Age Discrimination

Abramson Labor Group – Age Discrimination

Under state and federal laws, a company cannot treat older workers differently because of their age. Under the Age Discrimination in Employment Act of 1967, a federal law, companies cannot discriminate against a worker or applicant who is 40 or older. In 1986, protections were added to ban mandatory retirement for workers and protections for tenured workers were added in 1993. The Age Discrimination in Employment Act (ADEA) is applicable when any company has a minimum of 20 employees.

That covers federal laws that protect against age discrimination. There are also state laws that can add additional protections. For example, California’s Fair Employment and Housing Act’s (FEHA) age discrimination laws are applicable in companies with 5 or more employees.

Issues Covered by Age Discrimination Laws

Age discrimination laws cover any aspect of applying for work and working for a company. You don’t have to be a current employee for age discrimination to happen. You can apply for a job and learn you didn’t get the job because the company feels you’re too old. If that happens, you’ve been discriminated against. That’s just one example. Here are all the ways age discrimination can happen.

Replacing Employees With Younger Workers

A company who demotes or lays off older workers and then replaces that worker with someone younger is practicing age discrimination. For example, a company says they must lay off workers due to money issues or a restructuring. After laying off older workers, the company immediately posts job openings to fill those same positions and they look for and hire younger workers.

Younger Workers Get Hire Pay or Bonuses

When a company uses age to decide how much someone is going to get for a bonus, raise, or hourly/weekly wages, it’s a case of age discrimination. For example, a company is giving yearly performance bonuses. Despite the fact that the worker over the age of 40 had higher sales or output, the younger worker who didn’t perform as well gets a larger bonus. That is a case of age discrimination.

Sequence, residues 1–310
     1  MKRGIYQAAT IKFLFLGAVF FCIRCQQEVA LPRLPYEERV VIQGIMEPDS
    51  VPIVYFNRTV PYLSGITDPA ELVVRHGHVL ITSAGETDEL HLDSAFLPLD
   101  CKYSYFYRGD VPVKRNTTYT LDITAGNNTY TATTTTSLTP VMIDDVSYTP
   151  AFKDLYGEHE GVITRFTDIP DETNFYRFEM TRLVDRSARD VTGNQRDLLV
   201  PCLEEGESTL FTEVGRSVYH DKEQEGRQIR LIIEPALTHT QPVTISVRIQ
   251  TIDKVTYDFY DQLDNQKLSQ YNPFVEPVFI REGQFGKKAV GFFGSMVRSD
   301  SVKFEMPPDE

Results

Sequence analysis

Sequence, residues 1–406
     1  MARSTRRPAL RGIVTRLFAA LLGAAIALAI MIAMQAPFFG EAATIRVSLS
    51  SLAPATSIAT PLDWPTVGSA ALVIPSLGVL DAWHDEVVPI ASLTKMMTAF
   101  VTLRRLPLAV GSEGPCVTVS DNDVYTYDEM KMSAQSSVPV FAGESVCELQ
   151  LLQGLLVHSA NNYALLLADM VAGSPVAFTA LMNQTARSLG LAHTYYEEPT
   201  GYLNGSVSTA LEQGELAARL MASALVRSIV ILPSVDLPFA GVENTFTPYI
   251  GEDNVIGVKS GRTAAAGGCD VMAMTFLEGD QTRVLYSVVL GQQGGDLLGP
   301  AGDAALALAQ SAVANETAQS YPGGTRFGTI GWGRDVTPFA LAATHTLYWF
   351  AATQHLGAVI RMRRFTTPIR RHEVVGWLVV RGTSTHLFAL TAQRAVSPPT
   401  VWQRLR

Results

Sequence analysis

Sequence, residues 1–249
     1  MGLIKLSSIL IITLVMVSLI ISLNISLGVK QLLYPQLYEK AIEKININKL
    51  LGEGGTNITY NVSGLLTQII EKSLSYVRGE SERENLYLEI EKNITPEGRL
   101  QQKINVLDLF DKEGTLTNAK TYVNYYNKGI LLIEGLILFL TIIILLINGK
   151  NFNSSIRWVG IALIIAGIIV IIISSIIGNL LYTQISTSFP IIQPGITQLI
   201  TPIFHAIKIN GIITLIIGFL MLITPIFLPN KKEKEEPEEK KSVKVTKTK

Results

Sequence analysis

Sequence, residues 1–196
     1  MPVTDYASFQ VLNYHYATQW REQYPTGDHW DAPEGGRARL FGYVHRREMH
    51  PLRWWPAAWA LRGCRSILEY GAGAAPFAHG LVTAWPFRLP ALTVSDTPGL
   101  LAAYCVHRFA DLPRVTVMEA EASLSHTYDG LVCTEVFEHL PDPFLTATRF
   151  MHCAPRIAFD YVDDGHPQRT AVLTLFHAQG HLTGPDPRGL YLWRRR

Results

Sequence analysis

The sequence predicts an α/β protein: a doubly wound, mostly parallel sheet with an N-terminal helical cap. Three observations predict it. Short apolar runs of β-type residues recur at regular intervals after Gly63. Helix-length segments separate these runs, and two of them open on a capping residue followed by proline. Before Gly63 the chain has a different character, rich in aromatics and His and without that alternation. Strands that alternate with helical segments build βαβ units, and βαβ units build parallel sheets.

Younger Workers Get Promoted First

As is true of the past example, if a company uses age to decide who gets a promotion, it’s also a case of age discrimination. If an older worker is a harder worker and produces or sells more, but he/she is overlooked for a promotion because the company believes he/she is too close to retirement, that’s discrimination.

Commenting or Demanding Older Workers Work Faster

If a supervisor or manager makes comments that the older workers in a company are too slow and need to work faster if they want to keep their jobs, that’s another form of age discrimination. They cannot push an older worker to work harder or faster if the worker is always working at his or her capability. They also cannot belittle an older worker for being slower or not being as technologically advanced as a younger worker.

Forced Early Retirement

If you’re working for a company and they demand that some of their older workers take early retirement, it’s age discrimination. For example, a company who tells all of its employees who are around the age of 60 that they can take early retirement or get low approval ratings at their next review have been discriminated against.

Denying Benefits to Older Workers

A company cannot refuse to provide older workers with specific benefits solely because of age. Benefits that are offered are for all workers, not just the younger ones. For example, a company who offers life insurance coverage to their workers cannot tell a worker 40 or older that their policy will cost more and, therefore, will not be provided as a benefit. Benefits must be available to all workers regardless of age.

Your Employee Cannot Retaliate Against You

If you do file a complaint, your employer cannot retaliate. Retaliation is illegal under the ADEA and FEHA laws. For this reason, you don’t have to worry about what your employer will do if you do file a complaint. They cannot do anything to you if you request an investigation or file a complaint.

You Have Rights

If you’re 40 or older and feel that you’ve been discriminated against in the workplace, you need the advice of an experienced age discrimination attorney. Abramson Labor Group is the dedicated advocate you need on your side. The attorneys strive to help resolve your discrimination complaint and ensure your rights are protected. Give us a call. We’re happy to look at your complaint and help you file a complaint.